Marine Research Findings of the VECTORS Project

This website provides access to the research results of the VECTORS project, which can be used to support marine management decisions, policies and governance as well as future research and investment. VECTORS was a large scale project that brought together more than 200 expert researchers from 16 different countries. It examined the significant changes taking place in European seas, their causes, and the impacts they will have on society.

Identifying the link between tourism and ecosystems in the Baltic, North Sea, and Mediterranean countries

This study investigates the role of marine ecosystem diversity/quality in determining coastal attractiveness and in influencing inbound coastal tourism in the countries of the Baltic, Mediterranean, and North Seas. An autoregressive distributive lag model with fixed effects is developed, using an unbalanced panel data set from 1995 until 2010 for those countries. Tourism demand is measured by both the number of arrivals and length of stays of non-residents in particular coastal regions from 40 countries of origin. The environmental component is captured by the number of beaches in given location and the extension of marine protected areas (MPAs). Furthermore, it is suggested to include as a control for ecosystem quality the fraction of overexploited or collapsed fish species in a country exclusive economic zone.

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Deterioration of ecosystem quality has a negative effect on inbound tourism.  A 1% ecosystem deterioration, determines a 2.6% tourism expenditure loss over the 19 countries analysed. This signals that a winning tourism supply-enhancing strategy, could be  investing more on the preservation of the environmental quality than on price control.

The estimated coefficient on (fsoc) captures marine ecosystem quality. Models 1a and 1b consider both the current and lagged quality indicator to estimate short and long-term effects. Quality is significant and appears with a negative sign on both tourists' arrivals (-0.49) and nights of stay (-0.73). Therefore, an increase in the number of overexploited or collapsed species, a worsening of quality, determines a decrease in arrivals or nights. The coefficients are higher for nights than for arrivals, pointing out that ecosystem quality is a relatively more important factor to determine longer visits than more visits.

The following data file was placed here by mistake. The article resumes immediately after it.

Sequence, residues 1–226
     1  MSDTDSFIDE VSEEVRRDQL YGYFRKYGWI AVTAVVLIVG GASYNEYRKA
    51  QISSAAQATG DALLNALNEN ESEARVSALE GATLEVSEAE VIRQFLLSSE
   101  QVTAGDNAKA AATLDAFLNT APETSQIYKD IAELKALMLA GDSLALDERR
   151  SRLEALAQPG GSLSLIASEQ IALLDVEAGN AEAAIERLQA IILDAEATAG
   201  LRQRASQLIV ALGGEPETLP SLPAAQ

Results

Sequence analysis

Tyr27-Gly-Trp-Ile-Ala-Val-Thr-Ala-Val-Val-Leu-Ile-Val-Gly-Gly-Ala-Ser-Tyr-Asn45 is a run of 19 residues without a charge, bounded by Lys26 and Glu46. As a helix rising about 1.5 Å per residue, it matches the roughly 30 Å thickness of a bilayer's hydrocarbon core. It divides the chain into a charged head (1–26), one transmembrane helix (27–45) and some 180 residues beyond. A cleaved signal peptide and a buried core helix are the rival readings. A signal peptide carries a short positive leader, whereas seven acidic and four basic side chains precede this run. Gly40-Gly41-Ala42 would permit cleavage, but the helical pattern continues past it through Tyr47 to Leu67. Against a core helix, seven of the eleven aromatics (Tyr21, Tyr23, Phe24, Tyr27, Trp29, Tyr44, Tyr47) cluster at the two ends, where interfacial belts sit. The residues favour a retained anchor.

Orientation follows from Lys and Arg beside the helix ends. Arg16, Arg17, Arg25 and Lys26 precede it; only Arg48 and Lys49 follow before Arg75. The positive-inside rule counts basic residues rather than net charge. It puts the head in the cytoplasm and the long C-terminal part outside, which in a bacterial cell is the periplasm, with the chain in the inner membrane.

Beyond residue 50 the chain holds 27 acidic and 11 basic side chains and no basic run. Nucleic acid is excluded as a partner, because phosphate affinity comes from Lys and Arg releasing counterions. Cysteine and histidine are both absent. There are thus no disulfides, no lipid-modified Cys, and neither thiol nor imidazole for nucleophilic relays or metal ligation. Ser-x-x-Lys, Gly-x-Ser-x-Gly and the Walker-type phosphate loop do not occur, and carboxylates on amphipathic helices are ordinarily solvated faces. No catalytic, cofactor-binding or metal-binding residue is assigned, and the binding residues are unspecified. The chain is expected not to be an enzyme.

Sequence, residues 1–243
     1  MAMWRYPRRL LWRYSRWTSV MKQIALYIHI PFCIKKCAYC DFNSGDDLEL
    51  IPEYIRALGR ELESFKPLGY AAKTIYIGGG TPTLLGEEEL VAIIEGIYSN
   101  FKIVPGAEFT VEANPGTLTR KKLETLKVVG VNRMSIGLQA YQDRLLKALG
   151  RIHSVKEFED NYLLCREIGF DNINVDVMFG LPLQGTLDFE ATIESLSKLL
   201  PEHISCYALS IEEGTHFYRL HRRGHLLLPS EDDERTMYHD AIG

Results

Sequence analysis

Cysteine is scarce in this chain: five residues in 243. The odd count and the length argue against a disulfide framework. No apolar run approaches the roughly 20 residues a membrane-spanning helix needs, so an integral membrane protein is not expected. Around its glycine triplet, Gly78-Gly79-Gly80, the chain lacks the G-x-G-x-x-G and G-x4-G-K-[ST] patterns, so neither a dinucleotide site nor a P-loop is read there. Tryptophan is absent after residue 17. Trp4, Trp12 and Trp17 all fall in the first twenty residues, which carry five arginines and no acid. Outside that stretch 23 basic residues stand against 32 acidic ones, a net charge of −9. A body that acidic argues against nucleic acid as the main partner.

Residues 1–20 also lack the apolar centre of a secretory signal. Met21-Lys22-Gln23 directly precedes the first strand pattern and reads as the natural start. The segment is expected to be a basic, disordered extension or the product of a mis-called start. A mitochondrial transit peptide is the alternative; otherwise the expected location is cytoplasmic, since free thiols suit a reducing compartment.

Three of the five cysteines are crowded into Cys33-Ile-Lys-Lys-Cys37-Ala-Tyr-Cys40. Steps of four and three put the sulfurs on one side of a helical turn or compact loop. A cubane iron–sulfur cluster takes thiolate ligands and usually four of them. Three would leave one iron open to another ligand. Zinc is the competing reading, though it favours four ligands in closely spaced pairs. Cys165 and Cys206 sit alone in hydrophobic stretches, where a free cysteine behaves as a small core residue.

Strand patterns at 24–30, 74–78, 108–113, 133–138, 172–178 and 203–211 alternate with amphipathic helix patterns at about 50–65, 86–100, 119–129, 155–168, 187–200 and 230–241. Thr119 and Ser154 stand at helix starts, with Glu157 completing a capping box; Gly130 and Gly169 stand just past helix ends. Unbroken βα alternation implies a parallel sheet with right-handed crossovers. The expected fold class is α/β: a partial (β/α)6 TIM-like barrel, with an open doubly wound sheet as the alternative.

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Results suggest that more protected areas are in fact worsening tourism activity. Nonetheless, developing a richer model specification where MPA are interacted with the most important economic variables, it is demonstrated that MPAs in destination countries reinforce the positive effects of GDP from origin countries on tourism demand.

The number of protected areas is negatively correlated with both tourism arrivals (-0.031) and nights (-0.035). This result may have a direct economic interpretation as protected areas impose often restrictions to tourism activities. The conclusion that protected areas are “bad” for tourism is, however, highly misleading. When a set of interaction terms between protected areas and the major economic explanatory variables are introduced, the interaction with origin country GDP, is characterised by a positive coefficient (0.05). This means that the overall positive effects that an increasing GDP exerts on the willingness to visit a given destination is enhanced by the fact that its (marine) environmental amenities are also protected.

Relevance for Policy:
  • Convention on Biological Diversity
  • Environmental Impact Assessment Directive
  • EU Biodiversity Strategy

Lead Author:

Vladimir Otrachshenko & Francesco Bosello
(francesco.nospambosello@feem.it)
Fondazione Eni Enrico Mattei (FEEM)
Date of research: May 2014

Related articles:

Social economic impact assessment for the future 

Ecosystem service changes in an offshore MPA

Food web change along a nearshore-offshore gradient

Food webs along the European Atlantic coast

Tourist’s valuation of climate change impacts 

Changes in herring larvae and environment 1957-2010

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This project has received funding from the European Union’s Seventh Framework Programme for research, technological development and demonstration under grant agreement no 266445
© Vectors 2015. Coordinated by Plymouth Marine Laboratory.